The Progressive Ensign

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Category: Civic Virtue

Voter Turnout Highest in 100 Years As Citizens Start to Care

Photo: daytondailynews.com

Last weeks’ midterm election had the highest level of eligible voters participating in 100 years.  We need to go back to 1914 to find a comparable time when almost 50 % of the eligible voters did vote.  The turnout was higher than the presidential election of 2016 by 13 %.

Sources: The Wall Street Journal, The Daily Shot – 11-12-18

The remarkable shift is in large part due to the Trump presidency making clear that nothing short of the character of our democracy is at stake when we make choices about who our House and Senate representatives will be.

Will we go back to policies borne out of the 1930s toward nationalism, isolationism and trade wars (which led to WWII)?  Or will we move ahead, building a global community, where nations focus policies on a partnership of win – win for all, in peace.

Yet, as the ballots have been counted (though some continuing to be counted and recounted in Florida and Georgia), the political rhetoric between the newly empowered Democratic House and POTUS has started.  Hurling charges and counter charges and threats of investigations right and left.

In spite of the unacceptable behavior our politicians in Washington citizens have turned out in mass to make their concerns known with an ever more diverse House and a few new leaders in the Senate. With a diverse electorate beginning to make its voice known we can begin to build a consensus around the common good.  It is clear that we can’t move our country ahead in many areas including an economy that works for all if we don’t have people engaged.

While campaigns are often heated, with more heat than light on both sides of an issue, at least we see that people care. When people care, and get out and vote they are staking a claim in the future of our country.  That is a good thing and makes us hopeful for the future, even as torturous as it maybe to get to a better place for all in our democracy.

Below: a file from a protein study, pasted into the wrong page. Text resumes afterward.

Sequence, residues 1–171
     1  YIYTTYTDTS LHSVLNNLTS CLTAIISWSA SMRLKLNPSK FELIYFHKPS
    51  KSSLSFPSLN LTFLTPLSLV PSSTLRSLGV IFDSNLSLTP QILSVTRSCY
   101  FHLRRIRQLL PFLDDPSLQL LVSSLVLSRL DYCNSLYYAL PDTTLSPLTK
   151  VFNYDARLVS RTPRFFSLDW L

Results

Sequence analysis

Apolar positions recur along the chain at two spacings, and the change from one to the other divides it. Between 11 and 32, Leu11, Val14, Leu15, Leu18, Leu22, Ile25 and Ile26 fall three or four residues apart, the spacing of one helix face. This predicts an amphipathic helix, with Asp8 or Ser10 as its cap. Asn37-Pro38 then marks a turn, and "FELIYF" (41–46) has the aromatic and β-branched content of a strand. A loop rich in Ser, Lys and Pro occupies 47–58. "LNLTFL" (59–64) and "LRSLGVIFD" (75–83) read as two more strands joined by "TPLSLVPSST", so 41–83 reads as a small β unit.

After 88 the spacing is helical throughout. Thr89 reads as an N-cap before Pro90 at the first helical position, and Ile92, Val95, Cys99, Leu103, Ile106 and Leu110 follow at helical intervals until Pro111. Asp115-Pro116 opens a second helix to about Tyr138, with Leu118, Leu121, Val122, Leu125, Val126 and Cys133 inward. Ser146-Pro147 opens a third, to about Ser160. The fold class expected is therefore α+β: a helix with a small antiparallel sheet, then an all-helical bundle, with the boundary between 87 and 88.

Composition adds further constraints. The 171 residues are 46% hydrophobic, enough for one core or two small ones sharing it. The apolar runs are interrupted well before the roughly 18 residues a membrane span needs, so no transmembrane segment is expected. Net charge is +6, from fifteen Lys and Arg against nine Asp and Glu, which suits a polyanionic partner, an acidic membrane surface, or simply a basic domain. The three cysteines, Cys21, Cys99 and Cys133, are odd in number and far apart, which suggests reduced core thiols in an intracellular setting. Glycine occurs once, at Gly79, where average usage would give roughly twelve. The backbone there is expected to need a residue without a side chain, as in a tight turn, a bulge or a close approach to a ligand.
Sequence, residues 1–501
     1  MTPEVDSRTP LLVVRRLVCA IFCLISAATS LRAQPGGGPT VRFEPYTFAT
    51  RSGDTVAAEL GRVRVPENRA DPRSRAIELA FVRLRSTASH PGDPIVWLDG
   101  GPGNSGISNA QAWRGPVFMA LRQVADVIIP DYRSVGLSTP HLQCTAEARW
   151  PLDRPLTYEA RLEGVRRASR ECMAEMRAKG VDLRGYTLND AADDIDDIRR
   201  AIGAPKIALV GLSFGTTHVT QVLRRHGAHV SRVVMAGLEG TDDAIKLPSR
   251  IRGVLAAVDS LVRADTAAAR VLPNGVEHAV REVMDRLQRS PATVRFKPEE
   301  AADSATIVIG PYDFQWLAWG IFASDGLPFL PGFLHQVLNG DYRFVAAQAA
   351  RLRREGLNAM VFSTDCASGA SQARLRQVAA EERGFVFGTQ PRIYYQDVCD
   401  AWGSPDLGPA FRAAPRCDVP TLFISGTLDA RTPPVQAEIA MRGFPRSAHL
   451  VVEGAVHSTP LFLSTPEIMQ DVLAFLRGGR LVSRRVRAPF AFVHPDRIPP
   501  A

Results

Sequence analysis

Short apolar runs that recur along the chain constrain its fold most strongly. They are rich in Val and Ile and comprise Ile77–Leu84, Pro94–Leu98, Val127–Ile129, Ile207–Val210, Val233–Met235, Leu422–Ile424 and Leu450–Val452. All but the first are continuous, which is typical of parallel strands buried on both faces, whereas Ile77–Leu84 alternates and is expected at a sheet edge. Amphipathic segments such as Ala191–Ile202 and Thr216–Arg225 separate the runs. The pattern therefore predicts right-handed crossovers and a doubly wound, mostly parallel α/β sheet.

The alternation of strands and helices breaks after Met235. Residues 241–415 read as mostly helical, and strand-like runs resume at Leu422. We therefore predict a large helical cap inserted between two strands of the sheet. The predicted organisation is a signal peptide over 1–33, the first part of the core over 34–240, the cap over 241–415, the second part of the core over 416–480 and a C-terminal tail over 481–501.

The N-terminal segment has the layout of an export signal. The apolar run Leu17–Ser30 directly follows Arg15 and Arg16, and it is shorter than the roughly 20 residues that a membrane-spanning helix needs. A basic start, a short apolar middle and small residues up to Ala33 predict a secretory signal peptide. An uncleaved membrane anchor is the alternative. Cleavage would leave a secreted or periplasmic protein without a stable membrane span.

Toward A Solutions Focused National Dialog

(Editor Note: Insight Bytes focus on key economic issues and solutions for all of us, on Thursdays we spotlight in more depth Solutions to issues we have identified. Fridays we focus on how to build the Common Good. Please right click on images to see them larger in a separate tab. Click on the Index Topic Name at the beginning of each post to see more posts on that topic on PC or Laptop.)

Photo: better-angels.org

On the right we have a president who mocks a woman who was sexually assaulted at a campaign rally, on the left protesters stalk legislators at restaurants and taunt them while they eat.

What’s happened to our national dialog?  Why can’t we talk to each other in a way that sets up a supportive communication channel leading to solutions?  Abraham Lincoln saw the need for civil dialog to bring a divided nation together in his first inaugural address:

We are not enemies, but friends. We must not be enemies. Though passion may have strained, it must not break our bonds of affection. The mystic chords of memory … will yet swell the chorus of the Union, when again touched, as surely they will be, by the better angels of our nature.”

Recently, volunteers from the left, right and political persuasions across the board were represented at a conversation day hosted by Better Angels in Washington D.C.  The host group takes its name from the Lincoln quote focusing not on changing people’s minds but instead on just helping people to understand and respect each other – on common ground.  The founder, David Blankenhorn, started the group in Ohio after he had become friends with a gay man and changed his position on same sex marriage as a result.  Blankenhorn has developed seven habits of good discourse to keep the dialog on a positive level even in fierce disagreement.  He sees deep polarization due to multiple factors: “The intellectual habits of polarization include binary (Manichaean) thinking, absolutizing one’s preferred values, viewing uncertainty as a weakness, privileging deductive thinking, assuming that one’s opponents are motivated by bad faith, and hesitating to agree on basic facts and the meaning of evidence.”